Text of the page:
If cycling clubs feel like golf clubs on wheels, people will shun them | Letters

I agree with most of what Jonathan Liew says (UK cycling boom was not here to stay and lack of institutional will could keep it away, 6 February). However, his article doesn’t seem to entirely separate the sport of cycling from the activity. I have been a cycle ride leader and cycle trainer since 2009 – a few years before the boom times.

I was put off the racing side in the early 1980s when I found that cycling clubs were really just golf clubs on wheels. The “Rapha cafe bore” equates to 1980s golf bore. I loved riding the velodrome in Glasgow, pre-pandemic, until I rediscovered the golf club mentality of the 80s. I have never returned.

The National Lottery and British government poured millions of pounds into the British Cycling/Team Sky project, and it paid off handsomely. That reflected glory on the sponsors and politicians, which was gold dust for them. Public funds were shovelled to the private sector, which led to the defunding of public-sector cycling projects.

In my work, my colleagues and I have taken more than 3,000 people on led rides, and we have taught and trained about 1,000 people, both children and adults, to ride a bike. This is the level of where investment should be if behavioural and cultural change towards cycling is to occur. Trying to make the “sport” work will fail. Investment in infrastructure and activity cycling projects is the only way to make lasting and effective change.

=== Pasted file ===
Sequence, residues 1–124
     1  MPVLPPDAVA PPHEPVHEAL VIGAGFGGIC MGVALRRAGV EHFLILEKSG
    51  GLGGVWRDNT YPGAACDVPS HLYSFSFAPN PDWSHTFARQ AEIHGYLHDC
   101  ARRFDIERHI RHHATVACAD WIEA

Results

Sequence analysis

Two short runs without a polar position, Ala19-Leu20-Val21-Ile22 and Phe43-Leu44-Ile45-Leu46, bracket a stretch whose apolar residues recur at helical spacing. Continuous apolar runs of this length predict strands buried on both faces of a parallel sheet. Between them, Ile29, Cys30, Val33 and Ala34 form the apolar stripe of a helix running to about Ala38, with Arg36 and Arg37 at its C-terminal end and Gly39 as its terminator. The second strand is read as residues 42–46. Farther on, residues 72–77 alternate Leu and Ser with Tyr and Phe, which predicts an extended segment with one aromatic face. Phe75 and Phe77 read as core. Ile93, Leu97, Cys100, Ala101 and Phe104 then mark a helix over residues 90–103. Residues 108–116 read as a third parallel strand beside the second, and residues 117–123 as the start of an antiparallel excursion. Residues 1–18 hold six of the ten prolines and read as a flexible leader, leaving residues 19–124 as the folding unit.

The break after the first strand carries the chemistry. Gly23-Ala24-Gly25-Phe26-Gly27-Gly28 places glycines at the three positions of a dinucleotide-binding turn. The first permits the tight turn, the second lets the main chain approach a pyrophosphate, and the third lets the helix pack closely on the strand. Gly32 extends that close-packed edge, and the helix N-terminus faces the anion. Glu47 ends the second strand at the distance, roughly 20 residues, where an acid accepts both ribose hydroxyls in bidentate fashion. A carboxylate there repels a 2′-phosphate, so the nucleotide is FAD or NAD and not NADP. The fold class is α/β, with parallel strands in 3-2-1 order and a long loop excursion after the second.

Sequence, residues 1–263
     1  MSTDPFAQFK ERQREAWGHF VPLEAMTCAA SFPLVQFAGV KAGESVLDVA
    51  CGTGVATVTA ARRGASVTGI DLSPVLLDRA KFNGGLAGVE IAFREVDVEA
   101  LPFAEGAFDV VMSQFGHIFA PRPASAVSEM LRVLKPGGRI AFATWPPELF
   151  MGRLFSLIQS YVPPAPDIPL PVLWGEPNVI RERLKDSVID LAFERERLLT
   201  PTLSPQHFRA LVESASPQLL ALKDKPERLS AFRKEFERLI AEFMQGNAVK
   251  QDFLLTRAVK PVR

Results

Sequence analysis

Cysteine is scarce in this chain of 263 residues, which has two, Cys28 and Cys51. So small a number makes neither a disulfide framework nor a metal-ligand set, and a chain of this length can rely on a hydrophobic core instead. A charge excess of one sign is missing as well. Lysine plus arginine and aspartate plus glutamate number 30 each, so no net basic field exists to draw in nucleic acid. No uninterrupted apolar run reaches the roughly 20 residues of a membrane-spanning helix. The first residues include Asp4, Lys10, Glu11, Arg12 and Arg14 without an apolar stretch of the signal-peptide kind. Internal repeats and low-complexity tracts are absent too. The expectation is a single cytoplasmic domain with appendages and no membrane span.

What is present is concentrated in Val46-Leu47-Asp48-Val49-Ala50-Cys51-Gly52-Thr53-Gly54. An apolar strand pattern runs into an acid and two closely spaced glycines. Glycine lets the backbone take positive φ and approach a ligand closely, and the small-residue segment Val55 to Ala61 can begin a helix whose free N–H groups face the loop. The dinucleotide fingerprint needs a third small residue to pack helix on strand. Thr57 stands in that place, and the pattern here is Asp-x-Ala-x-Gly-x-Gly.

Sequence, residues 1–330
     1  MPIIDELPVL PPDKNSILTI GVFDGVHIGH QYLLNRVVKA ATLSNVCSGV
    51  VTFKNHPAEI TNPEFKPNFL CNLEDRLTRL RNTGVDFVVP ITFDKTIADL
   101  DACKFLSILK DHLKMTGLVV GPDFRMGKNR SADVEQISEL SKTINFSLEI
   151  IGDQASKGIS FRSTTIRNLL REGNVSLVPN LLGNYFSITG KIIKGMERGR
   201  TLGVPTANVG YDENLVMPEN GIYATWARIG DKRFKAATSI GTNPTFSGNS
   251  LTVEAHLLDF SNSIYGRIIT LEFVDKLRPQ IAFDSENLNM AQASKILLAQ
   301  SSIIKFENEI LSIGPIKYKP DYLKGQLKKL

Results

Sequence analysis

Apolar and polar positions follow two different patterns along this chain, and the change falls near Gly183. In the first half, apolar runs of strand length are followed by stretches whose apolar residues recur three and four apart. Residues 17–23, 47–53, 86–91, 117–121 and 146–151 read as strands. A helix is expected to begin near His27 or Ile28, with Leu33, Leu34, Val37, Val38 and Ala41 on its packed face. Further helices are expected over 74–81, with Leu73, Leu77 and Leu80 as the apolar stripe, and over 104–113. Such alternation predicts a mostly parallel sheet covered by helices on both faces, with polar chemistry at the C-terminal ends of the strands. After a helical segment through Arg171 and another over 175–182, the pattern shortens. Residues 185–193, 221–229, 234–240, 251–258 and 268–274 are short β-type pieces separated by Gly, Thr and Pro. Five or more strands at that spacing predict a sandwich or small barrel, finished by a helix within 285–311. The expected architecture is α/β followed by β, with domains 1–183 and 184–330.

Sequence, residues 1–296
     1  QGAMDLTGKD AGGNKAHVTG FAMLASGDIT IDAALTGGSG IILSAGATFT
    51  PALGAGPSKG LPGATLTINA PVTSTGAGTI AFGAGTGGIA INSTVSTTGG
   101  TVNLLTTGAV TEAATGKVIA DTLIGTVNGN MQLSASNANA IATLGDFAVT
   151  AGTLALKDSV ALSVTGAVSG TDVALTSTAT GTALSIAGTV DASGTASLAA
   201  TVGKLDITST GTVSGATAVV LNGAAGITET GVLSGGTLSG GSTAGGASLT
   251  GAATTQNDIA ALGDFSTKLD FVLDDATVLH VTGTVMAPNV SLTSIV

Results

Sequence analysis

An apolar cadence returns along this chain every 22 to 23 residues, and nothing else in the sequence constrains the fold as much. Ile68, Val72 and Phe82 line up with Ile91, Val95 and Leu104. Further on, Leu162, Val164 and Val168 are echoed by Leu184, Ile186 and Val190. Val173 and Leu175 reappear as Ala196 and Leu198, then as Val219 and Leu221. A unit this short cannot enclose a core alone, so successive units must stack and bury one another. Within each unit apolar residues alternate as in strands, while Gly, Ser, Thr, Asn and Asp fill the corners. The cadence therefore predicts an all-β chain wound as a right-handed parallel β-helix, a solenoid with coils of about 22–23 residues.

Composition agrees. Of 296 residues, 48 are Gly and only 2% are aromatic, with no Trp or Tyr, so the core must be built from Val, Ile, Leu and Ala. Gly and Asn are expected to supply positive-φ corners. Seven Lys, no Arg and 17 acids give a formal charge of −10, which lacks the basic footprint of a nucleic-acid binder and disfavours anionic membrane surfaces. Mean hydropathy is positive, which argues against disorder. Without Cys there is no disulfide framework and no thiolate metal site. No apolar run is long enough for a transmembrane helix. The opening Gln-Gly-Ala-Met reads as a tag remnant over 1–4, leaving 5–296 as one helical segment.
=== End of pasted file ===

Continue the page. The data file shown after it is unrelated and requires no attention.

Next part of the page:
Davey Campbell
Paisley, Renfrewshire

“Anecdotally, the grassroots scene seems to be holding up pretty well,” writes Jonathan Liew. He has been hearing very different anecdotes from those that I hear, which suggest that non-elite cycle racing is in its death throes. There is very little “bunched” racing on the open road, and time-trialling, which provided a nursery for past British world champions, is in a bad way, with fewer competitors and events. Also, the volunteer organisers and helpers, essential to the sport, are getting older and not being replaced.

In recent years, British Cycling has not shown much interest in the grassroots; the organisation has been run by people brought in from outside the sport who have concentrated on international success for a tiny elite. Modern Britain is recognisable here – just go for short-term goals and to hell with the future. In the end, no non-elite racing will equal no champions.
Chris Lovibond
Chertsey, Surrey

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